The Divine Fury is a 2019 South Korean action horror feature film written and directed by Jason Kim aka Joo-hwan Kim. The movie stars Seo-Joon Park, Sung-Ki Ahn, Do-Hwan Woo and Eun-hyung Jo. The original title is 사자 or Saja [“Lion”].
After losing his father at a young age in a terrible accident, Yong-hoo (Seo-Joon Park) abandons his Christian faith and chooses to only believe in himself.
Now as an adult, Yong-hu is a champion fighter and has everything he has ever wanted, that is until mysterious wounds appear in the palms of his hands.
Yong-hoo solicits help from Father Ahn (Sung-Ki Ahn), hoping the priest can help relieve him of the painful markings only to find himself in the middle of a dangerous fight against otherworldly evil forces seeking to wreak havoc on the human world…
Reviews [click links to read more]:
“The horror element is very dark, there are some quite disturbing moments, and we are made to understand just how despicable the Dark Bishop is – because the more threatening the villain is and the more we care for the hero, the more we’ll be invested in that climactic fight.” Cody Hamman, Arrow in the Head
“It features some of the liveliest exorcisms seen in cinema for years and little touches of camp, from glowing red eyes to black goo pouring out of mouths, ensure that it doesn’t get too serious. The Hitchcock homage in a murder of crows is nicely played out and Kim has no difficulty making the various motifs that he draws on fit his own style.” Jennie Kermode, Eye for Film
“Those who are looking for an all-out martial arts action-horror mashup may be slightly disappointed, only because there’s so much more to The Divine Fury and the focus on fight choreography is second to the strong themes at play. There’s absolutely great fight sequences, they just aren’t the sole focus.” C.H. Newell, Father Son Holy Gore
“The Divine Fury is an entertaining, yet slight action-horror film that, while containing a few thunderous moments, doesn’t quite stick the landing or embrace its great concept. There’s a smattering of comedy and a few scenes of pure ass-kicking, but these are too often overshadowed by a plot that simply doesn’t move as fast as it should.” Adam Patterson, Film Pulse
“Kept aloft by two engaging and charismatic leads and some top-notch direction, it pulls you into its ridiculous world of exorcisms and action with gusto. While it does make you wait before it fully unleashes its premise, which can and has strained the patience of some viewers and critics, its final action sequences are worth waiting for.” Thomas O’Connor, Goomba Stomp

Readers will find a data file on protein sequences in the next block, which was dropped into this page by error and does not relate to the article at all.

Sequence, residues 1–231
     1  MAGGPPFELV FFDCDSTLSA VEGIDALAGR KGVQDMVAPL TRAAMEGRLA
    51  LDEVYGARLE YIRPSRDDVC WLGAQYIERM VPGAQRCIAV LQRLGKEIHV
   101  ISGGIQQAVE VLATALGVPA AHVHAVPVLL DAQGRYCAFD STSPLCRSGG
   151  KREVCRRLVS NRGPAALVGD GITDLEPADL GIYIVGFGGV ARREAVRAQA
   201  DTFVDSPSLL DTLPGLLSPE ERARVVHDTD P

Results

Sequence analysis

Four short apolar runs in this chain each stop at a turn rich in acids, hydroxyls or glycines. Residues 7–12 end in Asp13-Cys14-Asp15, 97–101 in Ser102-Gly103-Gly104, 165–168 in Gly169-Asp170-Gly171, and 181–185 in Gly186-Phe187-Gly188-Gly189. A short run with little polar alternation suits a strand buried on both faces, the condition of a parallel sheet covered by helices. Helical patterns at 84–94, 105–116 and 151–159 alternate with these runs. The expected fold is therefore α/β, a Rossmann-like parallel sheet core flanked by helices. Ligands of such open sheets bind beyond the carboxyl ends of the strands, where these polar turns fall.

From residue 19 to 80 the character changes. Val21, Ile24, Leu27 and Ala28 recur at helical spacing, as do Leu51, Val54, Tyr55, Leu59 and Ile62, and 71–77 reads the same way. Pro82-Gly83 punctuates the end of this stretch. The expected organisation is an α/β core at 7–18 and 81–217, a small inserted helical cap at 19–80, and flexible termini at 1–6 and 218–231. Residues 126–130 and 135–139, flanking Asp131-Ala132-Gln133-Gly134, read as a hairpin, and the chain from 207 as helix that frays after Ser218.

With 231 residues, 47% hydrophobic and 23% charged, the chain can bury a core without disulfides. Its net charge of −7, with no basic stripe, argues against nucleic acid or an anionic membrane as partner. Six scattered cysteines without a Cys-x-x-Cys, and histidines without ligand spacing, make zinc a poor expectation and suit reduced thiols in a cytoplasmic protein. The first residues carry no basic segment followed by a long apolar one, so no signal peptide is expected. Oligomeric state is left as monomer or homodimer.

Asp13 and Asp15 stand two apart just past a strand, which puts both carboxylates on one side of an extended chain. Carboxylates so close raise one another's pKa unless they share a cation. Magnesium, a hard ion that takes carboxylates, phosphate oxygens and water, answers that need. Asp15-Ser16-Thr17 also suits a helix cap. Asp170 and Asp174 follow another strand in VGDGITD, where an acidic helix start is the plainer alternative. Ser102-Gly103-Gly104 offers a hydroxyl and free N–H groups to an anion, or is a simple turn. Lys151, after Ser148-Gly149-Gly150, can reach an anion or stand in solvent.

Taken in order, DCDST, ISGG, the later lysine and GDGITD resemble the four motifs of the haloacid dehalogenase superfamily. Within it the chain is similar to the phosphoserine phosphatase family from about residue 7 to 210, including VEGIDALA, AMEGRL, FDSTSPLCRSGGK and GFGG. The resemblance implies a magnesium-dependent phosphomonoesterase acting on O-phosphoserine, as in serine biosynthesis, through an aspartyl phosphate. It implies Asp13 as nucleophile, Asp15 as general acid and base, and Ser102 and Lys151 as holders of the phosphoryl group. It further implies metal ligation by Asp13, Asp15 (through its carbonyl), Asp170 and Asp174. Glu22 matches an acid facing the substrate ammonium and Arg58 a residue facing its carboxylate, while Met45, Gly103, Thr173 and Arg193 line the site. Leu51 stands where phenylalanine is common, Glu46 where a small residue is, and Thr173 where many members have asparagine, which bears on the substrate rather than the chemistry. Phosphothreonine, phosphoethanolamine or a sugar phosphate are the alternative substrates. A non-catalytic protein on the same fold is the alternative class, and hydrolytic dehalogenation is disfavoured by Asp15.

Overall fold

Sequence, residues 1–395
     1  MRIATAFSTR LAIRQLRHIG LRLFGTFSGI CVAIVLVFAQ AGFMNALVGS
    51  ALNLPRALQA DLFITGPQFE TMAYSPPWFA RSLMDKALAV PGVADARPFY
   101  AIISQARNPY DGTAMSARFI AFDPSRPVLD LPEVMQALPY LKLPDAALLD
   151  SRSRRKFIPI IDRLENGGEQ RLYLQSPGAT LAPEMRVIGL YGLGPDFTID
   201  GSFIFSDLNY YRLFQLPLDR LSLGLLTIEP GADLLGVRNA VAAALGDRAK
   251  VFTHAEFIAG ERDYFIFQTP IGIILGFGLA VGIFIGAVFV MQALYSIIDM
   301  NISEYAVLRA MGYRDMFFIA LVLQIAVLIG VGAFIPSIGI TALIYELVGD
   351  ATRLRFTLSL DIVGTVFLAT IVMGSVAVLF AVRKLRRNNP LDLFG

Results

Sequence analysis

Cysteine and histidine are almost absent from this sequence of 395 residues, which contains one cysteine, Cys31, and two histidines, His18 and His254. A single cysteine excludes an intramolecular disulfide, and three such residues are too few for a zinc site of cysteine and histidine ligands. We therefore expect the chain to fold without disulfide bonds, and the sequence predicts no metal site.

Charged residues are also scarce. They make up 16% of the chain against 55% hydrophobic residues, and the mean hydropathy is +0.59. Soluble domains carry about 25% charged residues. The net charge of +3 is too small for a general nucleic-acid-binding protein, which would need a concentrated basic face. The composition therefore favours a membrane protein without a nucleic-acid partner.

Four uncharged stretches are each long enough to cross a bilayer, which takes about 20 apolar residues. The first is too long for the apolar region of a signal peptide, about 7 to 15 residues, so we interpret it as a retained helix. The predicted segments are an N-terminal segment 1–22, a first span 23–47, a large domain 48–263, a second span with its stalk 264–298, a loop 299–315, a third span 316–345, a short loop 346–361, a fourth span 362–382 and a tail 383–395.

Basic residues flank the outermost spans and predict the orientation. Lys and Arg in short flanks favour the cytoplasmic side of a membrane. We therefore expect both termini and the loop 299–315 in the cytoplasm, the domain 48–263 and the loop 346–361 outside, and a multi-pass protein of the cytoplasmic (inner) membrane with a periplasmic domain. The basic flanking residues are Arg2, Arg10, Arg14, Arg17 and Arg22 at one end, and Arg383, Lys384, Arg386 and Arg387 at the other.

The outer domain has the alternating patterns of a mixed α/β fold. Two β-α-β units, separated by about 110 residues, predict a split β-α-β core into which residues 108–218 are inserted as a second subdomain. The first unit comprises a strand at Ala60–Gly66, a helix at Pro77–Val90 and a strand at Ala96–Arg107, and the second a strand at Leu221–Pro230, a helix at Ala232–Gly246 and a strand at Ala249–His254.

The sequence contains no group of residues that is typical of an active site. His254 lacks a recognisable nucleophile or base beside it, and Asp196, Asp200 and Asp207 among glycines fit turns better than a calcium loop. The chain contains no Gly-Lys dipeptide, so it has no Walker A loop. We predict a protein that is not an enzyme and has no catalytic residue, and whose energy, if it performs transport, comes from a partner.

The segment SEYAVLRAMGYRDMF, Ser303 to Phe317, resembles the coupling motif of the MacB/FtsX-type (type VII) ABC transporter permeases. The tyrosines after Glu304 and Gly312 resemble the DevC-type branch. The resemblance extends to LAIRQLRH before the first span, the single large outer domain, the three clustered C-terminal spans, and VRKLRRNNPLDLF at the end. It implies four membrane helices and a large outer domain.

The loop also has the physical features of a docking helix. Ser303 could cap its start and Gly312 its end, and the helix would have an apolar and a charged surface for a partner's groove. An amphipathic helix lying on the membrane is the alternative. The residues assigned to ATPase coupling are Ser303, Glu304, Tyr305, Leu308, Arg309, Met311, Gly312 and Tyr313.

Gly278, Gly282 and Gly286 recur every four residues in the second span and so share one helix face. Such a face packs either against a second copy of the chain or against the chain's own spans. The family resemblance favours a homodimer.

“This is scary stuff, but the best news is Kim avoids nearly all the clichés we usually get from horror movie conclusions. However, the film flat out promises a spin-off sequel featuring a minor supporting character. Based on the quality of everything proceeding it, that qualifies as good news. Indeed, Divine Fury is definitely A-list K-horror…” Joe Bendel, J.B. Spins
“ …The Divine Fury blends action and horror into an enthralling ride. The plot may not be wholly original or go any unexpected places, but the characters and intrigue do enough to carry through. It’s strange and creepy and legitimately scary, and you can see potential for future installments if there’s interest.” Brent McKnight, The Last Thing I See
“The Divine Fury is 129-minutes long and feels it. Some on-screen action is goosed by Ja-wan Koo’s Hans Zimmer-esque score, complete with periodic “braaahms.” But the sheer spectacle of victims levitating, vomiting blood, and screaming obscenities at feisty Yong-hu and patient Father Ahn just isn’t spectacular enough.” Simon Abrams, RogerEbert.com
“The Divine Fury is still a good watch despite the need for some narrative trimming. A little sharping would have made this a much better film but it is anything but a waste for what you get.” Jacob Smith, Society Reviews
“Rather than capitalise on its ridiculous, though admittedly attention-grabbing premise, The Divine Fury simply cannot commit to what kind of film it wants to be, resulting in a sluggish, pedestrian thriller. Kim unwittingly proves that it takes more than tossing together a random collection of genre tropes to make a successful high-concept movie.” James Marsh, South China Morning Post
The film was released in South Korea on July 31, 2019. Well Go USA is distributing The Diving Fury in America, with a limited theatrical run in August followed by Blu-ray, DVD, and Digital releases on November 19, 2019.
Cast and characters:
Seo-Joon Park … Yong-hoo
Sung-Ki Ahn … Father Ahn
Do-Hwan Woo … Ji-sin
Seung-Joon Lee … Police Sergeant Park
Woo-sik Choi … Father Choi
Si-eun Kim … Nun Theresa